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Tag Archives: Entertainment Law

Football’s Voice of God Sues NFL Films for False Endorsement

Posted in Entertainment Law, Trademark Law

By Scott Hervey John Facenda is a football legend. His deep, baritone voice is “distinctive,” some say “legendary.” Without question, for most football fans, John Facenda was the voice of NFL Films.   For decades Facenda worked for NFL Films as an off camera commentator. He worked on a session by session basis under an oral agreement, receiving… Continue Reading

Posted in Copyright Law, Cyberspace Law, Entertainment Law

By Sarra Ziari On August 20, 2008, in Lenz v. Universal Music Corp., Judge Fogel of the United States District Court, N.D. California ruled that copyright owners must consider fair use before issuing takedown notices under the Digital Millennium Copyright Act (“DMCA”), and issued a warning against the misuse of takedown notices by overreaching copyright… Continue Reading

Viacom V. Youtube: Are Our Internet Privacy Rights Really In Danger?

Posted in Copyright Law, Cyberspace Law, Entertainment Law

By: Dale C. Campbell and Serena Crouch, Third Year Law Student at McGeorge School of Law Internet users and privacy advocates across the nation fear they are losing the continuing battle to protect internet privacy rights.  A court decision in a lawsuit between Viacom and YouTube.com is the most recent battlefield regarding data likely to provide… Continue Reading

The Ninth Circuit Just Doesn’t Like Karaoke

Posted in Copyright Law, Entertainment Law

By Scott Cameron The Ninth Circuit just doesn’t like karaoke. At least, that’s what plaintiffs, manufacturers of karaoke machines, in two recent opinions involving copyright law would likely say. In both decisions, the Ninth Circuit affirmed the district courts’ dismissal of the complaints without leave to amend. Both of these decisions discussed the various copyrights that are implicated… Continue Reading

Lights, Camera, IP Issues…

Posted in Copyright Law, Entertainment Law, Trademark Law

By Scott Hervey Last October I had the good fortune of being invited to attend my friend’s “man shower” in Las Vegas. What made this trip interesting was the fact that this all guy’s version of a baby shower would be the subject of an episode of the VH1 reality TV show “Scott Baio is 46… Continue Reading

Fantasy Sports League Hits It Out Of The Park In Challenging MLB’s Ownership Of Player Statistics

Posted in Cyberspace Law, Entertainment Law, Trademark Law

By Scott Hervey Just how valuable are baseball statistics? Apparently very valuable. In fact, baseball statistics are so valuable that CBC Distribution and Marketing, which has run the CDM Fantasy Sports leagues since 1992, sued Major League Baseball and challenged its ownership claim over player statistics.   In a matter which rose all the way to the United… Continue Reading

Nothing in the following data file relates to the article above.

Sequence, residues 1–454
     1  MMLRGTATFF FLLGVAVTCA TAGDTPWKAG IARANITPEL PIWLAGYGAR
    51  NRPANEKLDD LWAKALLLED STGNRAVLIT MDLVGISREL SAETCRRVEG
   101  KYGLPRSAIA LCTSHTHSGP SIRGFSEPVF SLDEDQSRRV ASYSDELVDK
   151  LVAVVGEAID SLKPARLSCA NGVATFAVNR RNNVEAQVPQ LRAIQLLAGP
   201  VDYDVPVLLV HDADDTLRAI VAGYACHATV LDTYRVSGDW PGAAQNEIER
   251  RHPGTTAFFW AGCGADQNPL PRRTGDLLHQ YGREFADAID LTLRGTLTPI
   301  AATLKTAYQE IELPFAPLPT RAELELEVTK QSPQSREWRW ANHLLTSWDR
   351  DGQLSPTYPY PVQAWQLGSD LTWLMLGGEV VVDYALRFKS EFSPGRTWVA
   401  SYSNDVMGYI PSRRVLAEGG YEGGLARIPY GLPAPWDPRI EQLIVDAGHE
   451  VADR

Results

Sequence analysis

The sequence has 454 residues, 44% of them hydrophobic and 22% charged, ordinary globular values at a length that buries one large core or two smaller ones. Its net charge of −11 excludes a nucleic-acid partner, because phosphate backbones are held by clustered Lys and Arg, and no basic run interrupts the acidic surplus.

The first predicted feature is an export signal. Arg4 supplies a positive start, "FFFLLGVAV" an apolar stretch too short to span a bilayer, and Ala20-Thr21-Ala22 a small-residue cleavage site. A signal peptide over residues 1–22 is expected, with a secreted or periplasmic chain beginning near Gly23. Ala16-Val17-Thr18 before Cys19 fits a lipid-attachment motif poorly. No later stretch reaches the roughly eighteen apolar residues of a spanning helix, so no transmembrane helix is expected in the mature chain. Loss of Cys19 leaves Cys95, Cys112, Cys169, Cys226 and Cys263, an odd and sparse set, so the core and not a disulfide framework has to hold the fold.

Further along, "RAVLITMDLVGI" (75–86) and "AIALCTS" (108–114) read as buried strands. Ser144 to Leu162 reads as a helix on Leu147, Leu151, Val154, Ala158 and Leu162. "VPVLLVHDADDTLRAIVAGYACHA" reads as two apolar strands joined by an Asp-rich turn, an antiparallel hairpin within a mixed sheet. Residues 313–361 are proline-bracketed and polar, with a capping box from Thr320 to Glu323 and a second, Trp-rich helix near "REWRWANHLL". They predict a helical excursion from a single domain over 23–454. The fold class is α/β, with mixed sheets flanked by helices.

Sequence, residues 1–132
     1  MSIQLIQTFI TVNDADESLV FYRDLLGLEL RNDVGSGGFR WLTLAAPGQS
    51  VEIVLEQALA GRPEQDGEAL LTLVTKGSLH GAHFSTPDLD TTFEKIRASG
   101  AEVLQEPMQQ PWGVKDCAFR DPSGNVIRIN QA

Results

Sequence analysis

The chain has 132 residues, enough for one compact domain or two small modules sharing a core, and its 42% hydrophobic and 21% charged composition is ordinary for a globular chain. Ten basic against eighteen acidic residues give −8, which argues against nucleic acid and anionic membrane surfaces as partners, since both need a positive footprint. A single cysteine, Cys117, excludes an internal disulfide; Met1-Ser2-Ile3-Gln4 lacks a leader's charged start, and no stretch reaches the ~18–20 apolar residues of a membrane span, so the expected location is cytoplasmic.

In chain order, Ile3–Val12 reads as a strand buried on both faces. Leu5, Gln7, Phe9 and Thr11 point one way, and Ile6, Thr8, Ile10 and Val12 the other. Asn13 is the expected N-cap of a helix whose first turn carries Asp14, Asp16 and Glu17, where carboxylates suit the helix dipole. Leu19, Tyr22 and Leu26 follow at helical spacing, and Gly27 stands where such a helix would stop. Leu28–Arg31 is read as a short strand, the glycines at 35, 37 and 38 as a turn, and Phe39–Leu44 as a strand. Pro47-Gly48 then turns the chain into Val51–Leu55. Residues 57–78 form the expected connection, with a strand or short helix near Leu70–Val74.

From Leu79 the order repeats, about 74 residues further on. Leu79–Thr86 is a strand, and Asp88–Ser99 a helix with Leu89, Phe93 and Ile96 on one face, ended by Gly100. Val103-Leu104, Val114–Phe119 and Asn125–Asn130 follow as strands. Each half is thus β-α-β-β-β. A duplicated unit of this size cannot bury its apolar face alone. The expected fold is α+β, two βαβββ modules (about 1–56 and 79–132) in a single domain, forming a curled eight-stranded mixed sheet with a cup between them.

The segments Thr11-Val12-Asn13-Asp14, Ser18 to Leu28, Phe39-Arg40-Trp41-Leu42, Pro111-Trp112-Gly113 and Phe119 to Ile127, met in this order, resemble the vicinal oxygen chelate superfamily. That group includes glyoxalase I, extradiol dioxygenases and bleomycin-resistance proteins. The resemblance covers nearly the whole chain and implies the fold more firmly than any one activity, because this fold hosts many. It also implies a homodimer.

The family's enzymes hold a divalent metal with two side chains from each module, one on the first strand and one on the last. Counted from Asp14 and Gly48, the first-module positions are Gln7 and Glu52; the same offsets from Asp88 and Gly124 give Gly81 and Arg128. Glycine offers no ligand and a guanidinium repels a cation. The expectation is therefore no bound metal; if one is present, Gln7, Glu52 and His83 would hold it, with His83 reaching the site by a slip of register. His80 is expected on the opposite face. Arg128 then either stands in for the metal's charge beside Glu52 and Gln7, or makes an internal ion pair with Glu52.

BREAKING NEWS – Court Concludes No Performance in Music Download

Posted in Copyright Law, Cyberspace Law, Entertainment Law

By Scott Hervey The United States District Court for the Southern District of New York rules that the downloading of a digital music file embodying a particular song does not constitute a "public performance" of that song within the meaning of the Copyright Act.  Thus, on-line music retailers need not negotiate a license with performance… Continue Reading

Should Ripping Your Purchased DVDs Onto Your iPod Be Illegal? The Motion Picture Association Says “Yes!”

Posted in Copyright Law, Entertainment Law

By W. Scott Cameron Last month, in a lawsuit filed in the U.S. District Court for the Southern District of New York, the Motion Picture Association of America (MPAA) companies[1] sued Load ‘N Go Video, a small company that loads customer purchased DVDs onto their personal iPods, for copyright infringement and violating the Digital Millennium… Continue Reading

Copyright Office Clears the way for more Ringtones

Posted in Copyright Law, Entertainment Law

By Scott Hervey On October 16 the Register of Copyrights issued an interpretation of Section 115 of the Copyright Act that will make it easier for record labels and cellular phone services to offer ringtones to consumers. The question, whether compositions used for ringtones [monophonic (single melody line) or polyphonic (melody and harmony)] or for master… Continue Reading

Viva la MP3

Posted in Cyberspace Law, Entertainment Law

By Scott Hervey Wired reports that the French judiciary has been issuing lenient sentences and penalties to individuals involved in criminal proceedings involving illegal file trading.#160 The president of the French magistrate union, Judge Dominique Barella, has openly taken the position that the harsh criminal penalties imposed under French copyright law are inappropriate under the… Continue Reading

U.S. Copyright Protection Still Available When Work Is In Public Domain Outside of U.S.

Posted in Copyright Law, Entertainment Law

By Scott Hervey If a sound recording produced before 1972 falls into the public domain in a foreign nation, is that sound recording still entitled to protection in the United States?#160 Recently, in Capitol Records, Inc. v. Naxos of America, the New York Court of Appeals (the State’s highest court) issued an opinion addressing this… Continue Reading